Freedom Daily Archive

Misreading the Industrial Revolution

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Those of us who are advocates of the spontaneous order of an unfettered market are forever stomping out the fires of fallacious reasoning and anticapitalistic bias. It seems that as we set one record straight, opponents of the market manage to pervert ten others. We spend as much time explaining ... [click for more]

The Environment Since the Industrial Revolution

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The unprecedented improvements in the quality of human life during the past 200 years have been the direct result of the individual freedom, technology, industry, and economic growth that began to flower during the Industrial Revolution. The dramatic increase in life expectancy, and hence population, since the Industrial Revolution can be attributed to what may be called "Old Environmentalism" — ... [click for more]

Facts about the “Industrial Revolution”

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Socialist and interventionist authors assert that the history of modern industrialism and especially the history of the British "Industrial Revolution" provide an empirical verification of the "realistic" or "institutional" doctrine and utterly explode the "abstract" dogmatism of the economists. The economists flatly deny that labor unions and government prolabor legislation can and did lastingly benefit the whole class of wage ... [click for more]

Book Review: Mises

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Mises: An Annotated Bibliography compiled by Bettina Bien Greaves and Robert W. McGee (Irvington-on-Hudson, New York: The Foundation for Economic Education, 1993); 391 pages; $14.95. In his 1894 book, The Tyranny of Socialism, the French classical liberal Yves Guyot admitted that "we, who are endeavoring to recall the principles of equality before the law and the guarantees of individual liberty, are ... [click for more]

Serfs on the Plantation, Part 3

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Part 1 | Part 2 | Part 3 | Part 4 The welfare state was collapsing under its own weight in the later stages of the Roman Empire. Those who were on the dole were demanding more dole. Those who were paying the taxes were demanding lower taxes. The authorities were in a quandary. If they promised ... [click for more]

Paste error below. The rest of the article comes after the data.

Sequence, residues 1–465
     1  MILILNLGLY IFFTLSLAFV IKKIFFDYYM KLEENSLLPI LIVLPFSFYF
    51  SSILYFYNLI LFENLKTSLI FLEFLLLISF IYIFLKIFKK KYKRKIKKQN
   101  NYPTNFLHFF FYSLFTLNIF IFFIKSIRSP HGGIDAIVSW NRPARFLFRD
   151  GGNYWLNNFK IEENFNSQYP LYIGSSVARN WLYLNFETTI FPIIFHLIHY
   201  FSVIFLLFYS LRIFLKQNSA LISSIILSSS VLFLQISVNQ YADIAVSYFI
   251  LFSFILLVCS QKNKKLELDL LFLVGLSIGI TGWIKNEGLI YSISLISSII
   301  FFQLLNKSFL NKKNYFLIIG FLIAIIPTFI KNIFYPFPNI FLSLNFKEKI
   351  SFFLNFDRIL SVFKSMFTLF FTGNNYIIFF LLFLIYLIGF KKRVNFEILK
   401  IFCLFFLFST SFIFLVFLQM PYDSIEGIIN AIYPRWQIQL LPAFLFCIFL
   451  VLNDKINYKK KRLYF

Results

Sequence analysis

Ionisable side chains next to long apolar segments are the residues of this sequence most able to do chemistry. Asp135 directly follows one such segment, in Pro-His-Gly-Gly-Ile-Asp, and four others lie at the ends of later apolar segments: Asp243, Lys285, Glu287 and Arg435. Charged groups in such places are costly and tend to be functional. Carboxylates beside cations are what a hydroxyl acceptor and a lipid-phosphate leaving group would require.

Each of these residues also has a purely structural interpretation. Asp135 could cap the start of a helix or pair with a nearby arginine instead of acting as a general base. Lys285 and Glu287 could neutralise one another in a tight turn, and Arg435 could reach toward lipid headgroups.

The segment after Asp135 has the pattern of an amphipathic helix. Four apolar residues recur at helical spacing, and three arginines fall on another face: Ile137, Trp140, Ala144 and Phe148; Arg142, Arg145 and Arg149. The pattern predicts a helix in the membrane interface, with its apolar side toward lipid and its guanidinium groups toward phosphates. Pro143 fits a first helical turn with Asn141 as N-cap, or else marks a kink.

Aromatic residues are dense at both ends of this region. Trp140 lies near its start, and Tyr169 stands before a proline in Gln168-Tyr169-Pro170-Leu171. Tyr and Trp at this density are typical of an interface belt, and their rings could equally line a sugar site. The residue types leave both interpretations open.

Compounding the Somali Tragedy

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The post-Cold War is proving to be a disorderly place. Conflicts restrained by the superpowers are now breaking out all over — in Africa, the Balkans, and the former Soviet Union. More wars could eventually explode in Eastern Europe and Southeast Asia. Tragic those these conflicts are, they need not ... [click for more]

Immigration and Somalia

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Calls are rising to send American troops into the cities, towns and villages of Serbia, Croatia and Bosnia. Perhaps not far in the future, Russia and Ukraine will collapse, leading to calls for American troops to rush in and save the day. But is it possible that there is a better way to save the world? There is a better ... [click for more]

The Most Dreaded Enemy of Liberty

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Of all the enemies to public liberty war is, perhaps, the most to be dreaded, because it comprises and develops the germ of every other. War is the parent of armies; from these proceed debts and taxes; and armies, and debts, and taxes are the known instruments for bringing the many under the domination of the few. In war, ... [click for more]

Book Review: Second Thoughts

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Second Thoughts: Myths and Morals of U.S. Economic History edited by Donald N. McCloskey (New York: Oxford University Press, 1993); 208 pages; $24.95. In his introduction to the 1954 book Capitalism and the Historians , Friedrich A. Hayek pointed out that "past experience is the foundation on which our beliefs about ... [click for more]

Serfs on the Plantation, Part 2

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Part 1 | Part 2 | Part 3 | Part 4 In ancient Rome, the political authorities used three primary means to discourage or quell rebellions among the citizenry. First, they would give more welfare to the people, thereby making them more docile and content. Second, they would create foreign crises by which they could rally the ... [click for more]

Living the Life of a Lie, Part 3

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Part 1 | Part 2 | Part 3 The greatest myth that has emerged out of the end of the Cold War is that a philosophy of freedom has triumphed over an ideology of totalitarianism. The post-World War II period was, in fact, merely a conflict between differing forms of the statist ideal. On both sides of the ... [click for more]
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